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Proceedings of the House or Senate and action on legislation often take place upon the unanimous consent of the chamber, whether or not a rule of the chamber is being violated. Unanimous consent is used to expedite floor action and frequently is used for routing procedural requests.
In the House, noncontroversial measures, which have been cleared by the respective party leaders, can come to the House floor by unanimous consent. Once cleared, a member can ask permission to bring up the particular measure. A single objection by another member will stop the process. A member can, alternately, “reserve the right to object” in order to ask about the request, traditionally to check if the measure has been cleared by the minority party. Once the member seeking to bring up the measure responds, the member reserving the right to object withdraws the reservation, and the consent request is agreed to “without objection.” This exchange, under the reservation, is all the discussion that occurs on a measure brought up by unanimous consent.
Sen Cruz’s S2195 Passes with Unanimous Consent
The House “resolves” into the Committee of the Whole either by unanimous consent or by adoption of a special rule.
Unanimous Consent: Refers to the absence of objection by any senator
The Senate operates largely by unanimous consent agreements for day-to-day business. In the Senate, some measures can be raised for consideration, or even passage without debate, by unanimous consent. However, a single objection can derail a unanimous consent request. Accordingly, the majority leader checks with all interested senators before bringing legislation to the floor by unanimous consent. Other measures are scheduled for consideration pursuant to a unanimous consent time agreement. A time agreement is negotiated among interested parties to avoid an objection to the unanimous consent request.
A senator may request unanimous consent on the floor to set aside a specified rule of procedure so as to expedite proceedings. If no Senator objects, the Senate permits the action, but if any one senator objects, the request is rejected. Unanimous consent requests with only immediate effects are routinely granted, but ones affecting the floor schedule, the conditions of considering a bill or other business, or the rights of other senators, are normally not offered, or a floor leader will object to it, until all senators concerned have had an opportunity to inform the leaders that they find it acceptable.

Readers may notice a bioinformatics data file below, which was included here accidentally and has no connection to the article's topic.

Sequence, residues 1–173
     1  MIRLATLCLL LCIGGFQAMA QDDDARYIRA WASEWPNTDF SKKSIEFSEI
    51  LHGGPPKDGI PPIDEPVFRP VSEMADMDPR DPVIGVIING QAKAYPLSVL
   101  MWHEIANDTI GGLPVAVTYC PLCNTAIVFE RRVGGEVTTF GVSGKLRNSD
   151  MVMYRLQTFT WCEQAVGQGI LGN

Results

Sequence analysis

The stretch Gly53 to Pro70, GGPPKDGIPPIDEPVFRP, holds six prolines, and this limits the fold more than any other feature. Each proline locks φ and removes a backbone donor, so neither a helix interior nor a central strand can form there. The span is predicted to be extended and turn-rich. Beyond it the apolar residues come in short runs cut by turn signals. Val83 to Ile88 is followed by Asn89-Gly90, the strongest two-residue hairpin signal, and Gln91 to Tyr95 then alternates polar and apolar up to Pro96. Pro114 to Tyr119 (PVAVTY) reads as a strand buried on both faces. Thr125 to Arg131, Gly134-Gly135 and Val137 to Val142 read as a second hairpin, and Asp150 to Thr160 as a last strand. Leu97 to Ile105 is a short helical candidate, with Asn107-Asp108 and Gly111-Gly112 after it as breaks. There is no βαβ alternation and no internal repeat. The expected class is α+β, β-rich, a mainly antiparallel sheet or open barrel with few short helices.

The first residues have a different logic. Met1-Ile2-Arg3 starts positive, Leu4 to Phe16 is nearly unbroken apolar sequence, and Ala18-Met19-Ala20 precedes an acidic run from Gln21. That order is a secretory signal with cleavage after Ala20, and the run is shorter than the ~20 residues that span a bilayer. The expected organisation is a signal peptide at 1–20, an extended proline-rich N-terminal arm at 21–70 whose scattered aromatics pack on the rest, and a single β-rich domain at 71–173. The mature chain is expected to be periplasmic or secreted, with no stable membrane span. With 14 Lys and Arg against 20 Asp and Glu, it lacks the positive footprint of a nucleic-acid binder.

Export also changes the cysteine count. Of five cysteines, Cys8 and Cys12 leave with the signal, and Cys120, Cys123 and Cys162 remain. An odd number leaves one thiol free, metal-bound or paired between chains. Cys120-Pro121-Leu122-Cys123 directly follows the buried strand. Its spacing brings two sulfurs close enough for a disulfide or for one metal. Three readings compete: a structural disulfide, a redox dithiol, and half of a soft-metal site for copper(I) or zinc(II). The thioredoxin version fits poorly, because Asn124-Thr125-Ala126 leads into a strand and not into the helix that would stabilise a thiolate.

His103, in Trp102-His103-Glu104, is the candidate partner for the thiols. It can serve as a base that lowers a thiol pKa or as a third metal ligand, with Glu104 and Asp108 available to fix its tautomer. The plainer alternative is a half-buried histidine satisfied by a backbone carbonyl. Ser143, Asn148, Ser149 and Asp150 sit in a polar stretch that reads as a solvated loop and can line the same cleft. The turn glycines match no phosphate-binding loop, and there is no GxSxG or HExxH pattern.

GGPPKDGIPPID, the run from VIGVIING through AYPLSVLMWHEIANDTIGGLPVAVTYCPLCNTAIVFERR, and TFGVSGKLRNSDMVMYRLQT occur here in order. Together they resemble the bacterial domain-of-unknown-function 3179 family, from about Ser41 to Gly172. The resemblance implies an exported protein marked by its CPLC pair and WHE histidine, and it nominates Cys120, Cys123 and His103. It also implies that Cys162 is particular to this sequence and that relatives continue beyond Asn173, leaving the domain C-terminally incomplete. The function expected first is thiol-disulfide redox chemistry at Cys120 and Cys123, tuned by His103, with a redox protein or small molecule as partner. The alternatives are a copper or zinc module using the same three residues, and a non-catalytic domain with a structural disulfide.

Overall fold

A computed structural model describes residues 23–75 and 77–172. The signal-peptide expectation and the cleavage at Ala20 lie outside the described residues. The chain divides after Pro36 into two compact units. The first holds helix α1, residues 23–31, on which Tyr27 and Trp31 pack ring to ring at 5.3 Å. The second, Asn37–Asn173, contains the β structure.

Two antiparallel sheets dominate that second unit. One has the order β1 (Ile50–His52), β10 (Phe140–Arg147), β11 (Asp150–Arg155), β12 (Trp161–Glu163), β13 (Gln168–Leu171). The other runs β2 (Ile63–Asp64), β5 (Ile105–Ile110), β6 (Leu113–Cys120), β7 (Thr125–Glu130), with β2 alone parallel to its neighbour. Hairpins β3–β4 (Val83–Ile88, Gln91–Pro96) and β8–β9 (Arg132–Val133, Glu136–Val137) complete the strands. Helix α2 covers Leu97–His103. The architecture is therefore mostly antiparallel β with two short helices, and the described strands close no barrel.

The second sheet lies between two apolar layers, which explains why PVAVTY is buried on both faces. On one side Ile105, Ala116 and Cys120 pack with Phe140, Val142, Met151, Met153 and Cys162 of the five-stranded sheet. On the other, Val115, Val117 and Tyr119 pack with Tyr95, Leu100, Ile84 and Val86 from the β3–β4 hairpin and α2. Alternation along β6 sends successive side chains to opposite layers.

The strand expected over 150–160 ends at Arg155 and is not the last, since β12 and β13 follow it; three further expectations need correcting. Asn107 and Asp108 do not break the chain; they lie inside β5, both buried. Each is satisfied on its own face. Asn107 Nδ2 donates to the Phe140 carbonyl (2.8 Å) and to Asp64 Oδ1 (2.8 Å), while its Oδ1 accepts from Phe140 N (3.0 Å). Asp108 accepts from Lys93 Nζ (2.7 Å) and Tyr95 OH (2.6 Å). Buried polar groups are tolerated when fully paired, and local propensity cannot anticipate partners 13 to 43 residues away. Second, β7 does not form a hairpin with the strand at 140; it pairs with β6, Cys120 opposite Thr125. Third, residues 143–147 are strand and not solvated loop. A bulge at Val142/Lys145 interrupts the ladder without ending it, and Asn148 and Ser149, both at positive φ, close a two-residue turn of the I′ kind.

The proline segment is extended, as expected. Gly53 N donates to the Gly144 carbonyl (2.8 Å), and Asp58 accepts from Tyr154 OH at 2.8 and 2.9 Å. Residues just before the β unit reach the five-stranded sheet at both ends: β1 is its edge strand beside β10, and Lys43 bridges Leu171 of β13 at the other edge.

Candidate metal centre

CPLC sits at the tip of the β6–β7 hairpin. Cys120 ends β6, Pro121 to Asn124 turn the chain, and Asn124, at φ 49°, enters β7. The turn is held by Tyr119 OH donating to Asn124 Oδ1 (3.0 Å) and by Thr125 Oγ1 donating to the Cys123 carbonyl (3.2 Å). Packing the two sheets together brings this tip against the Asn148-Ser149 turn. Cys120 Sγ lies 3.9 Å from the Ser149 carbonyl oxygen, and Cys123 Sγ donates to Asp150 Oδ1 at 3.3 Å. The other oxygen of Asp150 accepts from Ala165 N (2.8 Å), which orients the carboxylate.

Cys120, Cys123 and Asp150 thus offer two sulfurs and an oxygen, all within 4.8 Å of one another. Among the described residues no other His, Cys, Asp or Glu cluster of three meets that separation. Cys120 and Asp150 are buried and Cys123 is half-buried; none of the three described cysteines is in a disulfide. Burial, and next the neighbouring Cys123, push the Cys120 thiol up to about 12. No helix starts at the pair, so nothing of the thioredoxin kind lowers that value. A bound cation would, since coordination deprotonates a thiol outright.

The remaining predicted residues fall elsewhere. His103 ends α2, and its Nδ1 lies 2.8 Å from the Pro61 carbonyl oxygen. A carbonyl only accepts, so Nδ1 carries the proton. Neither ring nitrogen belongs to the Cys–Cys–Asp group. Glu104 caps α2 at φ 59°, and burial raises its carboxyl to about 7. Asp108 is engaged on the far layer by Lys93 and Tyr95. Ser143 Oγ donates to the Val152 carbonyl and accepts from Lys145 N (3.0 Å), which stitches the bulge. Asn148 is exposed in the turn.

Custom also allows a senator to place a hold on the consideration of any legislative or executive business. A hold is a notice that a senator intends to object to any unanimous consent request made on the floor to bring up a matter for consideration by the Senate. Recent policy regarding holds, which has not been consistently followed, dictates that a senator placing a hold should notify the sponsor of the legislation (if legislation is the object of the hold) and the committee of jurisdiction that he is concerned about the measure. A written notice should also be provided to the senator’s party leader and placed in the Congressional Record.
- Congressional Record
- Unanimous Consent Agreement / Time Limitation Agreement (CongressionalGlossary.com)
- Without Objection
- § 6.80 House Floor: Methods of Consideration; § 6.190 Holds, Clearance, and Unanimous Consent, in Congressional Deskbook
- Chapter 1.G. Senate; Chapter 5.E. Unanimous Consent Agreements (“Time Agreements”); in Congressional Procedure
- “Unanimous Consent Agreements in the Senate,” CRS Report 98-225 (3-page PDF)
- “How Unanimous Consent Agreements Regulate Senate Floor Action,” CRS Report RS20594 (3-page PDF)
- “Constitutionality of a Senate Filibuster of a Judicial Nomination,” CRS Report RL321024 (20-page PDF)
- “The Legislative Process on the Senate Floor: An Introduction,” CRS Report 96-548 (20-page PDF)
- “Calling Up Business on the Senate Floor,” CRS Report 98-836 (8-page PDF)
- “How Measures Are Brought to the Senate Floor: A Brief Introduction,” CRS Report RS20668 (10-page PDF)
- “House and Senate Rules of Procedure: A Comparison,” CRS Report RL30945 (19-page PDF)
- “Voting and Quorum Procedures in the Senate,” CRS Report 96-452 (16-page PDF)
- “How Measures Are Brought to the House Floor: A Brief Introduction,” CRS Report RS20067 (10-page PDF)
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